What enables individually simple insects like ants to act with such precision and purpose as a group? How do trillions of individual neurons produce something as extraordinarily complex as consciousness? What is it that guides self-organizing structures like the immune system, the World Wide Web, the global economy, and the human genome? These are just a few of the fascinating and elusive questions that the science of complexity seeks to answer.
In this remarkably accessible and companionable book, leading complex systems scientist Melanie Mitchell provides an intimate, detailed tour of the sciences of complexity, a broad set of efforts that seek to explain how large-scale complex, organized, and adaptive behavior can emerge from simple interactions among myriad individuals. Comprehending such systems requires a wholly new approach, one that goes beyond traditional scientific reductionism and that re-maps long-standing disciplinary boundaries. Based on her work at the Santa Fe Institute and drawing on its interdisciplinary strategies, Mitchell brings clarity to the workings of complexity across a broad range of biological, technological, and social phenomena, seeking out the general principles or laws that apply to all of them. She explores as well the relationship between complexity and evolution, artificial intelligence, computation, genetics, information processing, and many other fields.
Richly illustrated and vividly written, Complexity: A Guided Tour offers a comprehensive and eminently comprehensible overview of the ideas underlying complex systems science, the current research at the forefront of this field, and the prospects for the field's contribution to solving some of the most important scientific questions of our time.
Encyclopedia of Complexity and Systems Science provides an authoritative single source for understanding and applying the concepts of complexity theory together with the tools and measures for analyzing complex systems in all fields of science and engineering. The science and tools of complexity and systems science include theories of self-organization, complex systems, synergetics, dynamical systems, turbulence, catastrophes, instabilities, nonlinearity, stochastic processes, chaos, neural networks, cellular automata, adaptive systems, and genetic algorithms. Examples of near-term problems and major unknowns that can be approached through complexity and systems science include: The structure, history and future of the universe; the biological basis of consciousness; the integration of genomics, proteomics and bioinformatics as systems biology; human longevity limits; the limits of computing; sustainability of life on earth; predictability, dynamics and extent of earthquakes, hurricanes, tsunamis, and other natural disasters; the dynamics of turbulent flows; lasers or fluids in physics, microprocessor design; macromolecular assembly in chemistry and biophysics; brain functions in cognitive neuroscience; climate change; ecosystem management; traffic management; and business cycles. All these seemingly quite different kinds of structure formation have a number of important features and underlying structures in common. These deep structural similarities can be exploited to transfer analytical methods and understanding from one field to another. This unique work will extend the influence of complexity and system science to a much wider audience than has been possible to date.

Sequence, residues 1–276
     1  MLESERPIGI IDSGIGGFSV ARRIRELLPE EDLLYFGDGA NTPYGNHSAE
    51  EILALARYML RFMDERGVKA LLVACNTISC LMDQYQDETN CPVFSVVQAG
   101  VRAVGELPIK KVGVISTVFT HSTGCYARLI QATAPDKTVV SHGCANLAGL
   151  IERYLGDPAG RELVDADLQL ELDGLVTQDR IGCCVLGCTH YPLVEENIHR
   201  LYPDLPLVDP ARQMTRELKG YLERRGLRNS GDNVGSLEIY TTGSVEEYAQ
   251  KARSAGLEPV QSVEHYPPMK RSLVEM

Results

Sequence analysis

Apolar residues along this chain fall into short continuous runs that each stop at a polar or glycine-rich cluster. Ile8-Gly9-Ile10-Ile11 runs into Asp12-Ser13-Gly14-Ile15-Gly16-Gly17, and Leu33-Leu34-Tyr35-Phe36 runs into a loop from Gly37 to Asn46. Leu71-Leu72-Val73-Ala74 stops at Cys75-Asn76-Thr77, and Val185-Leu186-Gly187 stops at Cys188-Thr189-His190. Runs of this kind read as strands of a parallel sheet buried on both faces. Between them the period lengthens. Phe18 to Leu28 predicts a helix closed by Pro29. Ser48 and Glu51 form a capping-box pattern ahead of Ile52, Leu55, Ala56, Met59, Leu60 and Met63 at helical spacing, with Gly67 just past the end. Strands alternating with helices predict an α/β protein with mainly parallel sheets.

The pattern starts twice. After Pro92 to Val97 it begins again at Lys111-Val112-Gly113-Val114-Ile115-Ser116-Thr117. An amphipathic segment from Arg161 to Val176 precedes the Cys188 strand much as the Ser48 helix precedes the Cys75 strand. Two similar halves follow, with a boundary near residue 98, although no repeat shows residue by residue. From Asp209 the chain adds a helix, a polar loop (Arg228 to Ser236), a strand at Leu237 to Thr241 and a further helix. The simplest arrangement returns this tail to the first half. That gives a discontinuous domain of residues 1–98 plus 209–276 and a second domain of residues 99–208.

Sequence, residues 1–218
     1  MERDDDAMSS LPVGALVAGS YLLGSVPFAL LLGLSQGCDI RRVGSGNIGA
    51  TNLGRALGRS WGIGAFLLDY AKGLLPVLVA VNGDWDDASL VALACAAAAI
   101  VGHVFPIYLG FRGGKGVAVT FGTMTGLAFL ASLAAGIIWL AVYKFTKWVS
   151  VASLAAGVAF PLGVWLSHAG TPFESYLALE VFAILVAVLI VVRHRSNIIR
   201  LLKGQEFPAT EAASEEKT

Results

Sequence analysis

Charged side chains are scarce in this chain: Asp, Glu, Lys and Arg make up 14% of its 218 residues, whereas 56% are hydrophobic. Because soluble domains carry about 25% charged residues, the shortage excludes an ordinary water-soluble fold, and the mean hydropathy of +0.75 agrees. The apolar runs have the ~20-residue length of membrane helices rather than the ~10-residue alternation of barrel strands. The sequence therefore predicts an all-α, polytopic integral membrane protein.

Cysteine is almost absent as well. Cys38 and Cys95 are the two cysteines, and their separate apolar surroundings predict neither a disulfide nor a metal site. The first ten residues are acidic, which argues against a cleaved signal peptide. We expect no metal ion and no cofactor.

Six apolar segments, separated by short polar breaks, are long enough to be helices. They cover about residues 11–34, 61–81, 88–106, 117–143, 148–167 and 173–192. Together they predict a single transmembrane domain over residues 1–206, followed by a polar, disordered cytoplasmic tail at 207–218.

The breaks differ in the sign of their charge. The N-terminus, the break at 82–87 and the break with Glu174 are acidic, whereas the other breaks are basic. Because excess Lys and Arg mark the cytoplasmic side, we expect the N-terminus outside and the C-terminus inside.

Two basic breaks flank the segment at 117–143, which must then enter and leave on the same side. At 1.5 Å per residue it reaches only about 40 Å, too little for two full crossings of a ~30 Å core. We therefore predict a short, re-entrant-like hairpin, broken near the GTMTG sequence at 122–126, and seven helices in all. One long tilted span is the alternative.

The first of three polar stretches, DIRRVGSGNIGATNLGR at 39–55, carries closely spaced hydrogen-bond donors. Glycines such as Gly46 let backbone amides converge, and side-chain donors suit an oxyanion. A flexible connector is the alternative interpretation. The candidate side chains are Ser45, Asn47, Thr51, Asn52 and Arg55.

This volume consists of short, interview-style contributions by leading figures in the field of complexity, based on five questions. The answers trace their personal experience and expose their views on the definition, aspects, problems and future of complexity. The aim of the book is to bring together the opinions of researchers with different backgrounds on the emerging study of complex systems. In this way, we will see similarities and differences, agreements and debates among the approaches of different schools.
A cocktail party. A terrorist cell. Ancient bacteria. An international conglomerate. All are networks, and all are a part of a surprising scientific revolution. Albert-Laszlo Barabasi, the nations foremost expert in the new science of networks, takes us on an intellectual adventure to prove that social networks, corporations, and living organisms are more similar than previoulsy thought. Grasping a full understanding of network science, will someday allow us to design blue chip businesses, stop the outbreak of deadly diseases, and influence the exchange of ideas and information. Just as James Gleick brought the discovery of the Chaos theory to the general public, Linked tells the story of the true science of the future.
Spinning the Semantic Web describes an exciting new type of hierarchy and standardization that will re-place the current "web of links" with a "web of meaning." Using a flexible set of languages and tools, the Semantic Web will make all available information-display elements, metadata, services, images, and espe-cially content-accessible. The result will be an immense repository of information accessible for a wide range of new applications. This first handbook for the Semantic Web covers, among other topics, software agents that can negotiate and collect information, markup languages that can tag many more types of information in a document, and knowledge systems that enable machines to read Web pages and determine their reliability. The truly inter-disciplinary Semantic Web combines aspects of artificial intelligence, markup languages, natural language processing, information retrieval, knowledge representation, intelligent agents, and databases.